Delta robots are rising in popularity in Industrial automation thanks to their high efficiency and precision. These robots have three arms connected to motors at their base, which allows them to move swiftly and accurately in three directions, even when carrying heavy objects.
Delta robots are commonly used in pick-and-place operations and tasks at the end of a production line, which is especially important in industries like healthcare and food processing.
Polar robots, also known as Spherical robots, have a unique structure that consists of two rotary joints and one combined joint. They get their name because they can move within a sphere-shaped workspace. One key advantage of Polar robots is their ability to move in a complete 360-degree range and handle large workspaces.
This type of Industrial robot is used in a number of different tasks, including assembly operations, tending to machine tools, welding, painting, and welding.
Industrial robots have a long history of use, primarily in the automotive industry. Fast forward to today, their benefits are becoming evident in various other industries as well, including healthcare, food and beverage, and aerospace exploration.
Some of the most widely adopted applications of Industrial robots include:
Today, we find ourselves in the middle of a major industrial transformation. New technology is making it easier and cheaper to manage complicated machines and tasks. One of the key drivers of this transformation is automation, which reduces the need for human labor in repetitive and dangerous tasks.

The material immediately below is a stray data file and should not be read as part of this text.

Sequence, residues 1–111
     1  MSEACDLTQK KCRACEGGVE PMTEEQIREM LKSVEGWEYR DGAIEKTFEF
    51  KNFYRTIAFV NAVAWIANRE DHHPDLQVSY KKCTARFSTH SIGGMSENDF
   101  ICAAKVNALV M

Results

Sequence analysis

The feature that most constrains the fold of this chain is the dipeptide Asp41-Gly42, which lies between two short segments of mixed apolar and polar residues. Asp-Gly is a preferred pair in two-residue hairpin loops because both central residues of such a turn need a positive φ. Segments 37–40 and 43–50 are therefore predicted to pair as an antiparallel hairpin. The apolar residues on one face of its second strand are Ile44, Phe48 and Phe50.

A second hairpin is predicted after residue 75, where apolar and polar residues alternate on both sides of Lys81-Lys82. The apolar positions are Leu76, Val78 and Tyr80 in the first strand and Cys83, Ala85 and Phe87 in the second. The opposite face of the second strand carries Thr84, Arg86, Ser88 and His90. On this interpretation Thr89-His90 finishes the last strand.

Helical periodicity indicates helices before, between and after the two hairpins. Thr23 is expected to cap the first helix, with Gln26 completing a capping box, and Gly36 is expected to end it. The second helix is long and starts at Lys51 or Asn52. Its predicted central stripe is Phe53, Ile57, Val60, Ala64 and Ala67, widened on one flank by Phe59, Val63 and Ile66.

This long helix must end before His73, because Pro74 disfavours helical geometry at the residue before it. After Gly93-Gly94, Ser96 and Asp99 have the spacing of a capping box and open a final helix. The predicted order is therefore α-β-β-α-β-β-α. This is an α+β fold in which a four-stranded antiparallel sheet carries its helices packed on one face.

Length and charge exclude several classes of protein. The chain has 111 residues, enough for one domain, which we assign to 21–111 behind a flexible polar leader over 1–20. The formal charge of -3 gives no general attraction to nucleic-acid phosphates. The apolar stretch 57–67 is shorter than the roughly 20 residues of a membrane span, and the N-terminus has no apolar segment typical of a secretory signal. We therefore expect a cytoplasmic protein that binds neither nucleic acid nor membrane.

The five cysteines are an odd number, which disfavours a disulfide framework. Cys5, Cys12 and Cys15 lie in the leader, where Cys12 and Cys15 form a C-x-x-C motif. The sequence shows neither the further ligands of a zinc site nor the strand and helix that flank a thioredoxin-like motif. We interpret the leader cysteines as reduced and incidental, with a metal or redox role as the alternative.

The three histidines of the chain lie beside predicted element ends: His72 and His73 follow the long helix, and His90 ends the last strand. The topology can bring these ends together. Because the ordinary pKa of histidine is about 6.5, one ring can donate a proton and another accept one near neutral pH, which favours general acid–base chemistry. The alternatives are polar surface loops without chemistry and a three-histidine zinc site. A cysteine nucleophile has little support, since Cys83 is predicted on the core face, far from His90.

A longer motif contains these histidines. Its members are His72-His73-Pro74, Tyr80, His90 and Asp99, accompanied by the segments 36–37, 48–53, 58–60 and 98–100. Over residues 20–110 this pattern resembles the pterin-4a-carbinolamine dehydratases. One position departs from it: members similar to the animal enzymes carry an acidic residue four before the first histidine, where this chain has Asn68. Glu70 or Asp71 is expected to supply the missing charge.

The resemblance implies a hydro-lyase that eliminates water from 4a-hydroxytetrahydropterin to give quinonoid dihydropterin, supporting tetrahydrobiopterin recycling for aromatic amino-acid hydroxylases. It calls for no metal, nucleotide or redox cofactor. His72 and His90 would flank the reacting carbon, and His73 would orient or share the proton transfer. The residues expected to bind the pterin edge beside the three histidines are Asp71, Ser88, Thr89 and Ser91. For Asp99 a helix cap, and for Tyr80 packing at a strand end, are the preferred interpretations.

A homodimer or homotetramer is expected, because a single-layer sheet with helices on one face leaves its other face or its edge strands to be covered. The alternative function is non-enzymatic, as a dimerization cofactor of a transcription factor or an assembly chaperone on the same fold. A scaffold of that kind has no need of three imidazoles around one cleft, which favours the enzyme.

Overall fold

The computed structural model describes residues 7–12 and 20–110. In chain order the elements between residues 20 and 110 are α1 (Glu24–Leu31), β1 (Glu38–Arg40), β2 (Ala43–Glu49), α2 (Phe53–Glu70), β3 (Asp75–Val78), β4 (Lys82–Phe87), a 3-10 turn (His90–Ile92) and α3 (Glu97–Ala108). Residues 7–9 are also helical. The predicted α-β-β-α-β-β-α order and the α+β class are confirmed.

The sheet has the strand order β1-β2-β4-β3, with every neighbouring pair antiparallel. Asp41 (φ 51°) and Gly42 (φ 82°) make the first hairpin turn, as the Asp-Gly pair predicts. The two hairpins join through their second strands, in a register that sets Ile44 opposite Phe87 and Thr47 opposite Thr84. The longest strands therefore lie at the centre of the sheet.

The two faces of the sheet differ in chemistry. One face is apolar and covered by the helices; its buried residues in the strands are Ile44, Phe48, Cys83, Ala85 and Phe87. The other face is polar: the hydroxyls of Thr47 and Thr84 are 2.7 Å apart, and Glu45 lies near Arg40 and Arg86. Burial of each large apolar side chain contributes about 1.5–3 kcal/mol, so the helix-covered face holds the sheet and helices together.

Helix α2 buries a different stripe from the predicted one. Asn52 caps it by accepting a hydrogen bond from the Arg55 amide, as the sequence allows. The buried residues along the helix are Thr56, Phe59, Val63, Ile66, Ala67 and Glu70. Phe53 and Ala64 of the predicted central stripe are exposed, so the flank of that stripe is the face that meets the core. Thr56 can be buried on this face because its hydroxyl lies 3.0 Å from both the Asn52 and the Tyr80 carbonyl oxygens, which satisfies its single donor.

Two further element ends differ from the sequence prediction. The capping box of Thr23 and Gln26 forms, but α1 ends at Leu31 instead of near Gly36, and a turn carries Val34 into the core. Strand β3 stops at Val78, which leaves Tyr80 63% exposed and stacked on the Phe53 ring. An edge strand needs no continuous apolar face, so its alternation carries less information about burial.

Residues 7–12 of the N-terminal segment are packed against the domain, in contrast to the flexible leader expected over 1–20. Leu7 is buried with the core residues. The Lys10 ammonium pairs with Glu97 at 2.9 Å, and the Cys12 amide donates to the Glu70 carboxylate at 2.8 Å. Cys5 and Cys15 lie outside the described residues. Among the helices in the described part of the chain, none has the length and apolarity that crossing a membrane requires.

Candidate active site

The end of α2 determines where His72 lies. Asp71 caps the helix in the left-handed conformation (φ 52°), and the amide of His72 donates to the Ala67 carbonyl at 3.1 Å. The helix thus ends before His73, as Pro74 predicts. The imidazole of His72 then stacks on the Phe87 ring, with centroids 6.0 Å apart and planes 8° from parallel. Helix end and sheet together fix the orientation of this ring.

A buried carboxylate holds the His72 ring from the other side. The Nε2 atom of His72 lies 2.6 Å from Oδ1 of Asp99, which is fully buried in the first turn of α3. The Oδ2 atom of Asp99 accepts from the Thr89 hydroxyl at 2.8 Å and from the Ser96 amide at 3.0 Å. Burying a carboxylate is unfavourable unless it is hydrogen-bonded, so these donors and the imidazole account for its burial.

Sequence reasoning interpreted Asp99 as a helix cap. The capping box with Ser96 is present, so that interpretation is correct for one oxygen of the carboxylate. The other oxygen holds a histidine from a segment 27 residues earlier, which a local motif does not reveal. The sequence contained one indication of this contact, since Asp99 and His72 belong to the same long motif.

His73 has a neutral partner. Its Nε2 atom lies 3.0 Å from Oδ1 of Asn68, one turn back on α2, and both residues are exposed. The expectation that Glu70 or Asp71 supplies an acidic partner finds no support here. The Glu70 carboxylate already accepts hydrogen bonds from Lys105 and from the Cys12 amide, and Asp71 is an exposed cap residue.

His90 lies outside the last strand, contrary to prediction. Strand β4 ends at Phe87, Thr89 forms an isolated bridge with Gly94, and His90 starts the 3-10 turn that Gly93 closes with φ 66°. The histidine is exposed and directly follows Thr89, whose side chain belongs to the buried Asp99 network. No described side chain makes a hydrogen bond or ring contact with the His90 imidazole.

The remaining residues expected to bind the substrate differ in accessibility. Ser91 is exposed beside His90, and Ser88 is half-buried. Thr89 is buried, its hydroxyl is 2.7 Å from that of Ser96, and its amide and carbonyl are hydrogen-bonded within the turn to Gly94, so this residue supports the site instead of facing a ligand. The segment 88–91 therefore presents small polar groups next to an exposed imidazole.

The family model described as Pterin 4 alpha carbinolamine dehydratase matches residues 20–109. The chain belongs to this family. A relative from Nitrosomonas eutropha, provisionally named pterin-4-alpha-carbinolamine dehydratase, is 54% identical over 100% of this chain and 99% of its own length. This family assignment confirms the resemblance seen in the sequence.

This shift is often called Industry 4.0 and is being driven by technologies like AI, 5G, advanced automation, and smart sensors. These innovations are reshaping various industries and processes, making tasks more efficient with fewer mistakes.
In manual processes, human involvement can lead to mistakes, sometimes as much as 10% of the time. But with automation, this margin of error can be reduced. This makes robots essential to meet the increasing demand for high-quality products in an ever-competitive market.
From producing consistent quality and speed to enhancing workplace safety and increasing cost savings, the use of robots in different industrial automation applications has become a real game-changer.
Industrial robots are designed to complete tasks more efficiently than humans, delivering consistency and precision. There are a number of benefits to its application, including enhancing productivity, reducing manufacturing costs, and maintaining consistent product quality, while also ensuring a safer work environment.
A general guideline for determining if a task is suitable for an Industrial robot is known as the "Three D's" rule: Any task that is Dirty, Dull, or Dangerous is ideal for automation using robots.
There's no doubt that the modern Industrial robot has become an indispensable tool across various industries. From efficient assembly to precision welding, machining, packing, and more, their use in industrial automation applications brings about a new era of innovation in manufacturing.